Wednesday, July 13, 2011


Something was eating our chickens. About every five or six days, Ben would put his flock to bed at night and find that he was short one hen from the day before.

This was back in the spring, the same time I was scanning brochures, trying to select what type of chicks to order for our next flock. "I am not ordering little chicks until we know what is getting the chickens. They'd just be easy pickings for this varmint!" We had to solve this mystery before we could move ahead with our chicken farming.

So we waited and sleuthed and tried to discover the chicken-eating culprit.

Whatever the critter was, it also tried to make a meal of our cat. Kitty was big enough to fight back and survived the encounter, thanks to several rounds of antibiotics and over a month of indoor confinement.

Patton, our ferocious rooster, also suffered at the hands/paws/teeth of the fiend. Our noble defender-of-the-hen-house lost his spurs and his beautiful tail protecting his biddies. Apparently, Patton fought valiantly enough to put the thief at bay for a while, although the encounter left him meaner, grouchier, and crazier than ever.

Finally, months later, we had a positive ID on the chicken-killer. Ben went to let his chickens out one morning after a particularly rainy night and discovered very distinct, large paw prints around the coop: fox!

Alas, now we had a different dilemma. "The pelt will be worth waaaay more come winter...we can't trap that fox now, in the middle of summer!" Nate had a point. What to do? Guess we'd just have to be extra careful about battening down the hatches early each evening in an attempt to frustrate Mr. Fox until trapping season. And Kitty spends every evening and night indoors now, whether she approves or not.

Sadly, this is not the end of the tale. Patton, a mean rooster at best, must have been pushed too far by all the stress: he progressed from being ornery to being the Terror-of-the-Yard. I couldn't work in the garden or hang clothes on the clothesline without taking a chance that he would come racing across the yard to attack me. We couldn't take baby Maryanna outside for walks because Patton was always on the look-out, vigilant to attack any would-be threats to his harem. Eventually, his behavior grew so aggressive that it felt like we were being held hostage in the house - by a rooster, no less! Something had to be done.

One evening at dinner, after I'd worked a long day at Wal-Mart, Ben delivered the news: "Mom, I got rid of Patton today." Translation for any city folks: Patton is now in rooster heaven. Yes, I was a bit saddened by the news - he had been such a beautiful, hard-working rooster. But relief far outweighed any grief. "Thank you, Ben. Thank you so much." At last, I could get back to weeding my strawberry beds.

The remaining hens seem to be managing fine without their severe overseer to protect them. They are more social now, too, and will flock around you when you work in the garden or yard. Such sweet, pretty birds! And this fall, Mr. Fox will finally get to meet Mr. Nathaniel, so that next spring I can finally order a new batch of peeps.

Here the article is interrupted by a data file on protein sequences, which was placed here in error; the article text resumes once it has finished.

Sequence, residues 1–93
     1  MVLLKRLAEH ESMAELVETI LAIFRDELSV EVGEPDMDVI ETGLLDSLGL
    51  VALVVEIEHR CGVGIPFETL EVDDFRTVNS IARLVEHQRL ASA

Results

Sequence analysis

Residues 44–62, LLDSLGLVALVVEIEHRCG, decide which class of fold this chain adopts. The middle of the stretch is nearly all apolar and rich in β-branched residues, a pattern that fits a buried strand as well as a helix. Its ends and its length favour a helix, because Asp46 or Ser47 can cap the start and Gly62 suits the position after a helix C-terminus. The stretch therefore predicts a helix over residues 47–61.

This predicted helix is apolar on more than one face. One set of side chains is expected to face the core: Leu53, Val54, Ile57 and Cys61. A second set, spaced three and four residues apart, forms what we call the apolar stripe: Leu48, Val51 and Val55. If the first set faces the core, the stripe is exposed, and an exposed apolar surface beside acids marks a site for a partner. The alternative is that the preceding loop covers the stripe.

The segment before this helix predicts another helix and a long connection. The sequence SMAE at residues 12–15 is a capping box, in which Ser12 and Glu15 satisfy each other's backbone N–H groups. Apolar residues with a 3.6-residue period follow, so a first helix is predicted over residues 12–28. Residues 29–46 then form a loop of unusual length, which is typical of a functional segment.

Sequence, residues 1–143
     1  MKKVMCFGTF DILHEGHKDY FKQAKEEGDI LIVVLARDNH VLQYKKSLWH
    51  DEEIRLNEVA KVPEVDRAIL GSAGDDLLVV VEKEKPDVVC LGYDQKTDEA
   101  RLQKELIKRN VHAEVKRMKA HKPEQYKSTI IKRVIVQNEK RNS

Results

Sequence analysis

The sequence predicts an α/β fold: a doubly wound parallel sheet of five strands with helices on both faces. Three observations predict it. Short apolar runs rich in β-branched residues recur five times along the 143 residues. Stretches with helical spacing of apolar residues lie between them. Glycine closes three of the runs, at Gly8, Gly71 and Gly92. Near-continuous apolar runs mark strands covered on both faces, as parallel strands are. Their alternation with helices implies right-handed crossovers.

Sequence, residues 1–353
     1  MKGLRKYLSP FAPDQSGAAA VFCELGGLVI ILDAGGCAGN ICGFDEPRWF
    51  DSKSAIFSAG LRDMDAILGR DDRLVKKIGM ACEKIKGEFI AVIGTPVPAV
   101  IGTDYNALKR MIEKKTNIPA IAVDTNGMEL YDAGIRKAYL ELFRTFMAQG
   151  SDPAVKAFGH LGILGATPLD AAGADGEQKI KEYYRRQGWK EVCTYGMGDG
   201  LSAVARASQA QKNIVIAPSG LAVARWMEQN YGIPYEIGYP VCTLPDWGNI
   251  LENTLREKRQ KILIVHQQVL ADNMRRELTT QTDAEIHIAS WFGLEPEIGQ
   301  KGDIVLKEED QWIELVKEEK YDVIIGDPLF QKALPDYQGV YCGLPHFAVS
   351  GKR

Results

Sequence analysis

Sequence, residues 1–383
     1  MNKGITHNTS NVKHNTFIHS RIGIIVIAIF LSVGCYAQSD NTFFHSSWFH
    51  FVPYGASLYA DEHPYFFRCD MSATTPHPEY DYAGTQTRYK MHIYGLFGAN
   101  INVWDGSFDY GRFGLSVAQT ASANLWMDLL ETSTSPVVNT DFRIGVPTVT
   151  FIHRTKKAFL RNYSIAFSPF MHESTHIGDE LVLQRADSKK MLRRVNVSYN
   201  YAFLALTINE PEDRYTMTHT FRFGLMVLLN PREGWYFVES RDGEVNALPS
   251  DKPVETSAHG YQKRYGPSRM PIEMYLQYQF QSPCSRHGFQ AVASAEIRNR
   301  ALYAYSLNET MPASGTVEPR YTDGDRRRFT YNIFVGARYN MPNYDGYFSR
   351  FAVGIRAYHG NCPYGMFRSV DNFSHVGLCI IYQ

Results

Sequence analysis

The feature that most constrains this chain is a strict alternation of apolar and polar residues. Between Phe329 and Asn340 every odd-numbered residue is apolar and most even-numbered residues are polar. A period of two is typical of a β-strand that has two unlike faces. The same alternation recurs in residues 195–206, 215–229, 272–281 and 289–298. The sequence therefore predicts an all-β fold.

So here is a summary of not-so-romantic life on the farm: Fox eats chickens. Fox severely injures cat. Fox attacks rooster. Rooster whips fox. Rooster attacks Mom and Sister and anyone else on two feet (except Ben, who is obviously at the very top of the pecking order!) Cat lives. Rooster dies. Fox - his days are numbered. And the rest of us, we're back at work in the garden, keeping a keen eye on the hens.

So we were talking the other day about people who have very sensitive hearts for animals. I'm one of those people - I was truly sad that Patton had to go. But there are those who are so extremely tenderhearted that they become irrational. The kind of people who think it is cruel to kill a fox, even if it kills chickens and cats. The kind of people who think that surely there must be a way to rehabilitate a demented, hormonal, crusty old rooster. The kind of people who really don't have any experience with animals on a farm or with the difficult realities of this life. Those folks....those are the folks I'd like to introduce to Patton. Bwahahaha!

This morning, the cat went out on the porch and took up her watch post underneath the nesting Pheobes. These beautiful little birds return every year to build their nest and raise a new family. Last week, we feared Kitty had successfully pounced Mama Bird. Bad cat! Thankfully, Mama Bird escaped. No, we're not going to kill Kitty... No way! Kitty kills mice! But we will keep a watchful eye on the Pheobes.

The drama just never stops here in the country...

1 comment:

Suzanne said...

Eat or be eaten? That is the question. I tried to keep a beautiful rooster, too. But he became a delicious pot of chicken and dumplings the day he tried to flog me. As far as I could tell, the hens did not miss him at all!